Caerphilly UKIP chair named in report over misspent funds
News | | Published: 09:26, Monday November 28th, 2016.
The chairman of the Caerphilly branch of UKIP has been named in a report alleging that European Union money was misspent by UKIP.
Sam Gould, who stood for the party in the 2015 General Election and this year’s Assembly election, is reported to have received €25,000 in European Union funding between June and September last year.
The payment was made via the European political group the Alliance for Direct Democracy in Europe (ADDE) – founded by UKIP leader Nigel Farage and dominated by the party’s MEPs.
According to a European Parliament audit report, leaked to Sky News and The Guardian, the ADDE broke rules because the funding, part of €500,615 (£430,486) given to UKIP, had to be spent on European Parliamentary business.
Instead, the cash was used to fund opinion polls for UKIP during the 2015 General Election and the 2016 Assembly elections.
There is no suggestion Mr Gould was aware the money was being misspent.
Following the leaked audit’s wide-reporting in the media, the UK’s Electoral Commission is looking into the matter.
In a statement, the watchdog said: “The commission has now opened its own investigation into UKIP to look at whether there has been any breach of UK election law. This includes whether any impermissible donations have been accepted by the party.
“Donations and loans to political parties are regulated under the Political Parties, Elections and Referendums Act 2000. A donation is money, goods or services given to a political party without charge or on non-commercial terms, with a value of over £500.
“Parties must record the donations and loans they receive, check they are from a permissible source, and report certain donations and loans to the Electoral Commission.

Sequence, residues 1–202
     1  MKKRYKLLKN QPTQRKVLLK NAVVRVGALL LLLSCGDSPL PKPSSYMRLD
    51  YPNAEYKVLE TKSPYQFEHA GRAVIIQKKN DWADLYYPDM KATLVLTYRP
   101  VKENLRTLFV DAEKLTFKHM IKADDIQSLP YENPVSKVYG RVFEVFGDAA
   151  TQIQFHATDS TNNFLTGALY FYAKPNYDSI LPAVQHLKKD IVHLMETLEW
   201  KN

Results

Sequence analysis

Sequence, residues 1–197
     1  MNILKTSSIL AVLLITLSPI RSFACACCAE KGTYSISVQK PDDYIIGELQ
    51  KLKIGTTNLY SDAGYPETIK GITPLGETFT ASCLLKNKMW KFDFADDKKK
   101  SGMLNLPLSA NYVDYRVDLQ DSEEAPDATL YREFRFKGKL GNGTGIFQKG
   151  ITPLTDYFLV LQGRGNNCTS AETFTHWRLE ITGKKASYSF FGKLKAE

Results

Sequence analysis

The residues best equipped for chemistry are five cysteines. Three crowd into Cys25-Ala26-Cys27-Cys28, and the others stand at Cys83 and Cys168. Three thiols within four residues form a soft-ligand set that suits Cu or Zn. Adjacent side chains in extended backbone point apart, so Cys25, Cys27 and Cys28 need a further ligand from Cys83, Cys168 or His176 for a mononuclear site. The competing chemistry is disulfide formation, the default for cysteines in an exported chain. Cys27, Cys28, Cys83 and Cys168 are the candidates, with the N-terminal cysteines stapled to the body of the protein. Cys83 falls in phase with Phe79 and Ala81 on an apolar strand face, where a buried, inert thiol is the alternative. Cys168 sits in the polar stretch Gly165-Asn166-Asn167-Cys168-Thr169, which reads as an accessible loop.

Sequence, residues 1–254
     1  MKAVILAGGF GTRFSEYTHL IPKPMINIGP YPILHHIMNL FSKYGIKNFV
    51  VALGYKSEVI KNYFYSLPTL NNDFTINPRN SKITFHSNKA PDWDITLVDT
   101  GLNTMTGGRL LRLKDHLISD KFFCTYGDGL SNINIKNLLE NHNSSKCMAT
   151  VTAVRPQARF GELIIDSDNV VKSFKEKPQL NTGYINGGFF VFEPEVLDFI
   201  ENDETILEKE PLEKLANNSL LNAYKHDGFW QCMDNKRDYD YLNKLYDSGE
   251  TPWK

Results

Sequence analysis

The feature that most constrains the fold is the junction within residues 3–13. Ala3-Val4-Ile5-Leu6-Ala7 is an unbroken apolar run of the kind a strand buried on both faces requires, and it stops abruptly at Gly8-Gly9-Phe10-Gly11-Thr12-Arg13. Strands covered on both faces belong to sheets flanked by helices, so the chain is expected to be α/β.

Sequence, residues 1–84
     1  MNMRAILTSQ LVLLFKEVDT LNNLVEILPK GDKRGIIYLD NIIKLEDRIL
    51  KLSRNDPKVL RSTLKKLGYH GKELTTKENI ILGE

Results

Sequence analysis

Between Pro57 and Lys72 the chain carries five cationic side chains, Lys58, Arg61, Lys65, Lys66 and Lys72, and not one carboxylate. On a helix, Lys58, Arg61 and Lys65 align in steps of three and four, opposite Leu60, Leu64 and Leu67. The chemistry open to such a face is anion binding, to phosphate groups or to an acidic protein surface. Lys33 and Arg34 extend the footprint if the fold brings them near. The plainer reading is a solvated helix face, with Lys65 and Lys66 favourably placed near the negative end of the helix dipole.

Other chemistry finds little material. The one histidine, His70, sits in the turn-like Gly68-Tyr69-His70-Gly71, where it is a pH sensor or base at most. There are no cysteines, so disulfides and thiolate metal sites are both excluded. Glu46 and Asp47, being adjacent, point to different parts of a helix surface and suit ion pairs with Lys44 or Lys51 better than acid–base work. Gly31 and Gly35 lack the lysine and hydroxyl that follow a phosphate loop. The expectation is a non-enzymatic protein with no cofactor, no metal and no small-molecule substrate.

“If donations and loans are not from a permissible source, a party has thirty days to return the donation and must report the impermissible donation to the commission.”
Mr Gould, who was UKIP’s Welsh campaign manager, described the European Parliament’s stance over the money as “sour grapes”.
He said: “If my wife employed a builder to do work and the builder each month gave a report on the work and I gave it a read and said that’s fine, and then the builder subsequently stood for election and beats me, would I moan about it? And then would I go to my wife and do the same?
“That would be inappropriate and would be sour grapes. That’s the same thing that’s happening here.”
He added: “There is nothing to it – I’ve got nothing to hide.”
A spokesman for the ADDE said: “The parliament administration has for months taken an aggressive and hostile attitude over the audit, amounting to nothing short of deliberate harassment. This is a blatant deviation to its requested neutrality.
“We have responded to their queries with a mass of information and explanation justifying our activities and expenditure. They have simply ignored our submissions and in several cases these submissions having been made repeatedly on their request.
“We are therefore confident that our expenditures – with the exception of a few minor items – are fully eligible and compliant to EU regulations. They are also in line with fully accepted activities from other groups.
“We will be taking this matter to the European Court of Justice.”